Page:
We received a nice email last week from a reader who recently arrived in town from a larger South Florida city. She raised a familiar concern I have sometimes heard since I arrived in Crestview in 2005.
I quite understand where she’s coming from. When I blew over here from New Orleans in the wake of Hurricane Katrina, I knew I’d have to adjust to small town life. Before the storm, I could walk from my house to bunches of stores and restaurants.
But I quickly learned I could get along just fine. I can shop for basic groceries and household needs here in town. When I need clothes, small-regiment size food packages, or gadgets, it’s fun to take an occasional Saturday run down to the south county or over to Pensacola.
But quite honestly, I love the quiet of small town life, and gladly gave up the conveniences of urban dwelling for the lower blood pressure and chirp of evening crickets rather than cacophony of trucks and buses running past my front door.
Something I really learned to love about Crestview is its small town-big town feel. I wonder, do we really need to be like a bigger city?
For the convenience of having a wider choice of shopping options, we’d by necessity sacrifice the quiet, simpler life of a smaller country community. A Target, after all, doesn’t pop up in a small town.
Malls are passé. In fact, urban designers tell us more malls are closing in the United States than are opening. The current shopping trend, developers have found, is a “village” experience in which busy customers can park closer to the store they want to visit.
We’re ahead of that trend with our friendly, classic downtown Main Street lined with cool shops and restaurants.
I was delighted to discover when I moved here from New Orleans that I didn’t have to give up having a wide variety of places to choose from when I eat out. Who needs the cookie cutter ho-hum of chain restaurants when we have such an incredible diversity of homegrown eateries?
In fact, my biggest problem with local food is deciding where to eat, as the choices are so many. From higher end places like the Wild Olive or Christopher’s Uncorked Bistro, to just plain home cookin’ at Uncle Bill’s, Desi’s and the Tropical Palm, to everything in between, including a surprisingly large selection of Asian food, including Philippine, Thai, Korean, Japanese and Chinese.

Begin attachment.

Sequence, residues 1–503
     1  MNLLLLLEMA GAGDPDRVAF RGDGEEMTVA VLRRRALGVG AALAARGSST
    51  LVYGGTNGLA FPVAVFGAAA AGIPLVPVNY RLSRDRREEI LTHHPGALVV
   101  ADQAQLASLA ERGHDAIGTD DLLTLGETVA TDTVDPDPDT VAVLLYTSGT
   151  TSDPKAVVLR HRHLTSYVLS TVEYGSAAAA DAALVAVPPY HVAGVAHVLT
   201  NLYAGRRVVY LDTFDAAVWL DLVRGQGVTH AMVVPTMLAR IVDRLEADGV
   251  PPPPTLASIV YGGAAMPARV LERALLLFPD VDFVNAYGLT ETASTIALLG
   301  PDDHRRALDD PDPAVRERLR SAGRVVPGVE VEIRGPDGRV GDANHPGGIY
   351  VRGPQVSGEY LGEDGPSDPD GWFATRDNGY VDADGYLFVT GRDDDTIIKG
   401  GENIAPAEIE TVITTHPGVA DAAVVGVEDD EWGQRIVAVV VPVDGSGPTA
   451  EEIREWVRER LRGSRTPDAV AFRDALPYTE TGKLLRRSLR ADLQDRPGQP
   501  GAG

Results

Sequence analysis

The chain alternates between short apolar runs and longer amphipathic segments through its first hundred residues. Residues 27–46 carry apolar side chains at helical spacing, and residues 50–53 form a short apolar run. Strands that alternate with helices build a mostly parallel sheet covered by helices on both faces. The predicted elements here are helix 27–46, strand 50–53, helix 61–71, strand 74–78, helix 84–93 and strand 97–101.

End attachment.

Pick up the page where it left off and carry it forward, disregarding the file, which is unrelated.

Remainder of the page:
And there’s no frozen sauce shipped in from an out-of-state company headquarters at our local seafood restaurants.
Our city council is very “business-friendly,” to quote the county Economic Development Council’s president. In fact, just last year the city eliminated two impact fees that some critics said discouraged economic growth.
Actually, they don’t discourage it as much as some claim. Businesses routinely plan their budgets to include local fees. Every municipality has them. Somebody has to pay for increased traffic and demand on infrastructure. It’s unfair to expect citizens to shoulder that burden.
However, contrary to popular belief, it is not government’s responsibility to phone Olive Garden or Target and ask them to pop into town and open a store. What local government does is foster a climate that is conducive to opening a business, and our city and county governments do that rather well, and are working hard to do it better.
As the city grows and as the county — hopefully — addresses traffic woes, and as residents contact favorite establishments and ask them to take a look at Crestview — I’ve been pestering Whole Foods to come to town since I got here — businesses take notice, start counting rooftops and traffic, and contact local officials about bringing their shops and eateries to town.
Remember: No out-of-state corporate menu planner will make battered fish as good as the guys at Country Chicken and Fish, and they sure won’t have those comforting “Jesus Loves You” T-shirts!
Contact News Bulletin Staff Writer Brian Hughes at 850-682-6524 or firstname.lastname@example.org. Follow him on Twitter @cnbBrian.